Democracy and Military Service. Jean Jaurès 1907

Editorial Note.

THE Editor alone is responsible foe this collection of summaries and translations from Jaurès. More than half the work has, in fact, been done by two friends who have generously helped him out of their very scanty leisure; but the Editor has prepared all for the press, and is in fuller sympathy with Jaurès’s theory, in both its aspects, than his colleagues are.

So far as space and time would permit, we have given actual translations; these passages are distinguished by inverted commas. The rest we have summarized, omitting a good deal which refers to purely French politics, and which would be scarcely intelligible without a crowd of explanatory notes.

The work, like others which aim at reconciling all sensible people, will perhaps begin by startling a good many sensible people. Our democrats, who are often painfully ignorant of democratic thought outside their own four seas, will in some cases be shocked to find the Compulsory Principle treated as practically self-evident, — as a matter almost beyond argument — by one who was not only an apostle, but even a martyr of pacificism. (cf. Chapter XV). On the other hand, many military critics will he shocked at the idea of admitting the Elective Principle into the army under any form whatever, and will perhaps scent almost as much heresy in the emphasis which Jaurès lays upon the equality of First Line and Reserves. (Chapters II and XVI). Like all would-be reformers on a great scale, Jaurès is met on both sides by the cry of “My Principles”

But there are few greater principle’s than that of the Open Mind. The work is not offered to the public as a pill to be swallowed whole. We need only point out that Jaurès is by far the most distinguished statesman who, in our own generation, has worked out a complete and serious theory of National Defence in connexion with Social Progress. He wrote with full responsibility as Leader of a Party — the party which he himself had consolidated out of the hitherto disunited sections of Socialism.[1] His width of reading was enormous, and almost unrivalled among practical statesmen. This Armée Nouvelle formed, in his mind, only one link in the chain of constructive Socialist proposals which he had intended to submit successively to Parliament. If, therefore, the Editor had been far more doubtful of Jaurès’s proposals than in fact he is, he would still have thought it worth while to put them before the British public as a basis of discussion. We live in a world in which things need to be done, in one way or another. Few Britons would seriously propose that we should follow exactly the same course in army matters which we have followed for some generations past. Fewer still, it may be hoped, would venture to insist that we should arm on the present German scale. We have to steer some sort of course between the two fatal shoals of unpreparedness and militarism. A course has here been marked out by a man who combined speculative and practical statesmanship in a very extraordinary degree, and who sealed his faith with his blood. We need not ask ourselves whether all Jaurès’s suggestions are immediately and wholly applicable to our difficulties; the Editor himself would not put them forward in that light. But all Britons, really concerned for peace on the one hand and national independence on the other, do need to find a better reply to one of the most stimulating books of modern times than the ordinary answer “I have never heard of it."[2]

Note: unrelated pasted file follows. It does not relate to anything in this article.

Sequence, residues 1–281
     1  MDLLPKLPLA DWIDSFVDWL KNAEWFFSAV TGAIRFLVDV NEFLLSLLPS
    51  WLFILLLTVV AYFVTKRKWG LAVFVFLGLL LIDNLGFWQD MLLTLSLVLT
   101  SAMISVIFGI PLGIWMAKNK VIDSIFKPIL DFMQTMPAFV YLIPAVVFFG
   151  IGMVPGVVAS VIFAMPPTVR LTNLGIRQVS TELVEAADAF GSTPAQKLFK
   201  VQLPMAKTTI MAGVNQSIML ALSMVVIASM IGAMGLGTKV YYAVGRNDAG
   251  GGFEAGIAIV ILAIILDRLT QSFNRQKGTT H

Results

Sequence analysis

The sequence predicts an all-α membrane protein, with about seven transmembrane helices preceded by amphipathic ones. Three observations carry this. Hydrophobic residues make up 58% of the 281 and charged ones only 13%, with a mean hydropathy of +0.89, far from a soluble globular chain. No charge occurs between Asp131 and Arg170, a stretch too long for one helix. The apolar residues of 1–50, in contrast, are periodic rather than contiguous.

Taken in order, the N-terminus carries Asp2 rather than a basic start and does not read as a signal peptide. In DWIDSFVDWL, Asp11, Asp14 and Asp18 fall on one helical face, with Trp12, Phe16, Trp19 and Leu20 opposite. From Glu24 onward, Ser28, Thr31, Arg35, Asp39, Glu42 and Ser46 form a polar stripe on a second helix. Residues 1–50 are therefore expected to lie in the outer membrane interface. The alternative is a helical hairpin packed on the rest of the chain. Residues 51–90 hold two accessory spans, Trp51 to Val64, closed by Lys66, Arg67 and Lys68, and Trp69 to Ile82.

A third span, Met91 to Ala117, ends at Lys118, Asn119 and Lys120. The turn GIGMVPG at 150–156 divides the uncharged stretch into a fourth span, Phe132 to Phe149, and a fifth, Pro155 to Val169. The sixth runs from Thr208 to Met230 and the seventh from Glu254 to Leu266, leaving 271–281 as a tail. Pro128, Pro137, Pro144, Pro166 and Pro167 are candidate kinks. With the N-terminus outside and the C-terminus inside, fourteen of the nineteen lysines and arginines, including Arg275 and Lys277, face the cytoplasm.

Jaurès’s main contentions may be briefly summarized as follows:-

1. That, disarmament being outside practical polities for the present, all countries must be adequately defended; for this purpose the only just and efficient system is that of the Nation in Arms. As he writes on pp.319, 356: “So long as we have any army at all, it would be a crime against France and against the Army itself to separate the Army from the Nation .... It is the workmen, the Socialists, who demand that military service shall be universal.”

2. The final effect of such a National Army will be, not to militarize the democracy but to democratize the military system. Democracy need not fear contact with Militarism; here, as everywhere, the juster principle will prove the stronger, the good will finally drive out the evil.